Asterolasia rupestris facts for kids
Quick facts for kidsAsterolasia rupestris
|In the ANBG|
Asterolasia rupestris is a species of erect shrub that is endemic to New South Wales. It has heart-shaped to triangular leaves with the narrower end towards the base, and densely covered with star-shaped hairs. The flowers are yellow and arranged singly or in groups of three to six in leaf axils or on the ends of branchlets, the back of the petals densely covered with rust-coloured, star-shaped hairs.
Asterolasia rupestris is an shrub that typically grows to a height of 1.5 m (4 ft 11 in). The leaves are heart-shaped to triangular with the narrower end towards the base, 9–20 mm (0.35–0.79 in) long and 6–15 mm (0.24–0.59 in) wide on a short petiole. The leaves are densely covered with star-shaped hairs, the lower surface with cobwebby hairs. The flowers are arranged in umbels of three to six in leaf axils or on the ends of branchlets, the umbels on a peduncle 4–9 mm (0.16–0.35 in) long, each flower on a pedicel 6–15 mm (0.24–0.59 in) long. The sepals are 0.5–1 mm (0.020–0.039 in) long and the petals are yellow, elliptical, 5–9 mm (0.20–0.35 in) long, covered with rust-coloured, star-shaped hairs on the back. There are ten stamens. Flowering occurs in spring.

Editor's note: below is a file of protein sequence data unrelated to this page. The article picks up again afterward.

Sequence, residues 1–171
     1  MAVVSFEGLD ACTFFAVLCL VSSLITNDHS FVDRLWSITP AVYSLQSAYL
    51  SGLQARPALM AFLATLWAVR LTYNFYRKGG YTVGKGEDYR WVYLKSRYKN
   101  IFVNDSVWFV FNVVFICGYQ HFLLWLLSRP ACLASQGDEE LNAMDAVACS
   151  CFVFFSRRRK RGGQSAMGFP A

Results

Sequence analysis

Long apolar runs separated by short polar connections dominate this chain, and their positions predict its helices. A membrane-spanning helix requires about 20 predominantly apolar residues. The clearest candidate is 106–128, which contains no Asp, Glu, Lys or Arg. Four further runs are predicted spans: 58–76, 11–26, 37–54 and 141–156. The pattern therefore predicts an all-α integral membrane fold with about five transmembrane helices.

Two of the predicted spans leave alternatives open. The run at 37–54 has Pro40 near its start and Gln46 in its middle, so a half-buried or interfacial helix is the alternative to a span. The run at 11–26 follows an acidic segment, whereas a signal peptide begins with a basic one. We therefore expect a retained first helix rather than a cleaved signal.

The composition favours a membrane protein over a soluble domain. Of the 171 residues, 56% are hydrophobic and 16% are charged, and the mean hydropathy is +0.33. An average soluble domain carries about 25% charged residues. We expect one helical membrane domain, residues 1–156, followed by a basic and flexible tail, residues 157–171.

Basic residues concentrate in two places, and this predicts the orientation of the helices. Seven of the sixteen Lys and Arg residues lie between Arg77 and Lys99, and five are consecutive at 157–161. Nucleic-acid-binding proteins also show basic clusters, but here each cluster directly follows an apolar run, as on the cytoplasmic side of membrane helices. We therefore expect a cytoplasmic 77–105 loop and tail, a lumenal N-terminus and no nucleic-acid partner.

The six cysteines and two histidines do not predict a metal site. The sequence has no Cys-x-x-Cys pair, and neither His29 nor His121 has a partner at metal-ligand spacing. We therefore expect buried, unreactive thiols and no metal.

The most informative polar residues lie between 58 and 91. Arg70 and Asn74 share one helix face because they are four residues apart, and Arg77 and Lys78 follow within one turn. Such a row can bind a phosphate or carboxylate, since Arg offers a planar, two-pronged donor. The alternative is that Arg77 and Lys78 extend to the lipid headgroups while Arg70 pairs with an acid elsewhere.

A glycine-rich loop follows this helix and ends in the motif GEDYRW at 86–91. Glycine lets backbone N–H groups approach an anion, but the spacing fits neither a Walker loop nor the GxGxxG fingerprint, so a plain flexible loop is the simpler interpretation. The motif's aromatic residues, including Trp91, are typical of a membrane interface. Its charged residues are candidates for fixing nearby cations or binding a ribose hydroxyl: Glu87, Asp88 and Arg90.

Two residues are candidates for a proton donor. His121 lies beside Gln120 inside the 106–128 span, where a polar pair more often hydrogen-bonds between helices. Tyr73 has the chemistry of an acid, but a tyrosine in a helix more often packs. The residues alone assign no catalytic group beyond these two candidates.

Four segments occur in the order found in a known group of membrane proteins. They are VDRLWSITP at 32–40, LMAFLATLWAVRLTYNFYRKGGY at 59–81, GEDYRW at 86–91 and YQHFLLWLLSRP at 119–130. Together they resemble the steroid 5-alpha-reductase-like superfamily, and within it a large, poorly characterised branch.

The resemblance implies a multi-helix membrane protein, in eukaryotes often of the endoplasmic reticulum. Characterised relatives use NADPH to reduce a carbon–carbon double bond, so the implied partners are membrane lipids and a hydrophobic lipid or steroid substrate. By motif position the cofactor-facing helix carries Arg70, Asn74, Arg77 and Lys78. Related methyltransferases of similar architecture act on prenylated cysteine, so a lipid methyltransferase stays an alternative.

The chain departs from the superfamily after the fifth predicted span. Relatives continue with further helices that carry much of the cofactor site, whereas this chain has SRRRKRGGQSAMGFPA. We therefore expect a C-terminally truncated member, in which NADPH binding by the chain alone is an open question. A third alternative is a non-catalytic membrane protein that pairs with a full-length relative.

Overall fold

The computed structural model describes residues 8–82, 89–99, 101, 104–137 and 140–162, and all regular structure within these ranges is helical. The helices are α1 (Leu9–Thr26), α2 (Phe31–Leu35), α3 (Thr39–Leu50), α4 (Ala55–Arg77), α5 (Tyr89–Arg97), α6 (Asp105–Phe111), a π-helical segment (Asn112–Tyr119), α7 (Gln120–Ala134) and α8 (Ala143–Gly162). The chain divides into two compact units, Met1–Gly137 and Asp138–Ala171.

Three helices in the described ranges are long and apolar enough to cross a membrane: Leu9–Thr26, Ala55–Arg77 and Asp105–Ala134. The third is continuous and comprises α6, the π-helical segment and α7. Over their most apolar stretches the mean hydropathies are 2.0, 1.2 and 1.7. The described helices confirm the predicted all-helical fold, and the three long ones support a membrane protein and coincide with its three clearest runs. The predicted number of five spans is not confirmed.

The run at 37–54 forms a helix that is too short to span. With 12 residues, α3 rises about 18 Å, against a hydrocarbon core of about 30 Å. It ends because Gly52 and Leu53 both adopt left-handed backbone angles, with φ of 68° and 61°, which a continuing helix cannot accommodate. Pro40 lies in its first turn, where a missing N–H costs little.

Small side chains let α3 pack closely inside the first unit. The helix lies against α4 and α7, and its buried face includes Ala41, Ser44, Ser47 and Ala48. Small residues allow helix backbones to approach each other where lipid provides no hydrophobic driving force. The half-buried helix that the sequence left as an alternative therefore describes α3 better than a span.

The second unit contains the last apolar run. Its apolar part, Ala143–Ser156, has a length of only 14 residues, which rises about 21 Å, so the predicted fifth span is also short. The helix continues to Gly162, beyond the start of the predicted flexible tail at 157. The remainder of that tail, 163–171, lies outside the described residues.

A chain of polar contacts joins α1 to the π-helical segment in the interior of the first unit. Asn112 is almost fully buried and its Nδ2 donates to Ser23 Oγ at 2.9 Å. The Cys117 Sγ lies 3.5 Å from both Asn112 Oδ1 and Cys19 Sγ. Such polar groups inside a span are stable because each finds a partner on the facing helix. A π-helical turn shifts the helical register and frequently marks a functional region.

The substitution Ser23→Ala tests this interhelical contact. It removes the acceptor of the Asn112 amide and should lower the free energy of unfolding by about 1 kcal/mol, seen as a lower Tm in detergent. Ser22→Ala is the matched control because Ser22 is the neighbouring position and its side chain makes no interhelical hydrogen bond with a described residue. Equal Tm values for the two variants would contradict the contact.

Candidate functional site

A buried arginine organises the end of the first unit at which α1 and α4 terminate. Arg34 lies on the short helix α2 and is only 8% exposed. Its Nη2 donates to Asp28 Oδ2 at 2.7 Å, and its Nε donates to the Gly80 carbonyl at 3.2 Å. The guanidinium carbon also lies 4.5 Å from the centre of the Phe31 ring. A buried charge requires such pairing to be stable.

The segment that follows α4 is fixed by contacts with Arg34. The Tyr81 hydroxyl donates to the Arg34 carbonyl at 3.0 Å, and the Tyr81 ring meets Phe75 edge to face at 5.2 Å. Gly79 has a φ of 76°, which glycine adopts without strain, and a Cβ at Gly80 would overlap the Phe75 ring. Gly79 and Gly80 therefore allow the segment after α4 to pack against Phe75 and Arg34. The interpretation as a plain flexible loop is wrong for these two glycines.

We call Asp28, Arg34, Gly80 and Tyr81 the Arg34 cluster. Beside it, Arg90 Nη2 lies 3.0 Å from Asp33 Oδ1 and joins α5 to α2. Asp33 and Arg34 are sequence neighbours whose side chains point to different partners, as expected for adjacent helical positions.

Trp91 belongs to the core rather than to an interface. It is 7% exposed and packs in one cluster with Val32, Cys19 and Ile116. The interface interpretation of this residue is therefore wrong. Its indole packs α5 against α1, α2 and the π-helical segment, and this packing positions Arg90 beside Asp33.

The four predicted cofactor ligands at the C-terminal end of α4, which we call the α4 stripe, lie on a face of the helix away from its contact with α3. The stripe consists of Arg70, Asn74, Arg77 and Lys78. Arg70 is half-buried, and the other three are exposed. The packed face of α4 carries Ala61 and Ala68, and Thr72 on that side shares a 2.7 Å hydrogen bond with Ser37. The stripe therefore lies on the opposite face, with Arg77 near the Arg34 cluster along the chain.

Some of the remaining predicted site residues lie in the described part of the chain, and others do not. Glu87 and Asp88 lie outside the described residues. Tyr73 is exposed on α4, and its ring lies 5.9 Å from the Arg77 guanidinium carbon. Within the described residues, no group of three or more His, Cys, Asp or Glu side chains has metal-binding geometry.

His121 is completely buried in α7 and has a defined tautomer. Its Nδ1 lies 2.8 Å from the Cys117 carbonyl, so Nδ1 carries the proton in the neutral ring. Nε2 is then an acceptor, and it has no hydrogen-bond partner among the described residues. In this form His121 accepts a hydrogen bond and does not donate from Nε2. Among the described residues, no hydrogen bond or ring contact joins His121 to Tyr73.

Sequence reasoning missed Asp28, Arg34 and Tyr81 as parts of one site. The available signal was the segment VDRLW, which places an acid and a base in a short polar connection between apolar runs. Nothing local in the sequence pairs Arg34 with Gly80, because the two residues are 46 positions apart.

Asterolasia rupestris was first formally described in 2002 by Bryan J. Mole in the journal Muelleria from specimens collected on Mount Kaputar in 1987.
In the same journal, Mole described two subspecies:
- Asterolasia rupestris subsp. recurva that differs from the autonym in having the edges of the leaves turned downwards rather than flat;
- Asterolasia rupestris subsp. rupestris.
Distribution and habitat
This species grows in gullies in low forest. Subspecies rupestris grows on the higher parts of Mount Kaputar and there are old records from Mount Canobolas. Subspecies recurva is only known form Parlour Mountain, north west of Armidale in New South Wales.
Asterolasia rupestris Facts for Kids. Kiddle Encyclopedia.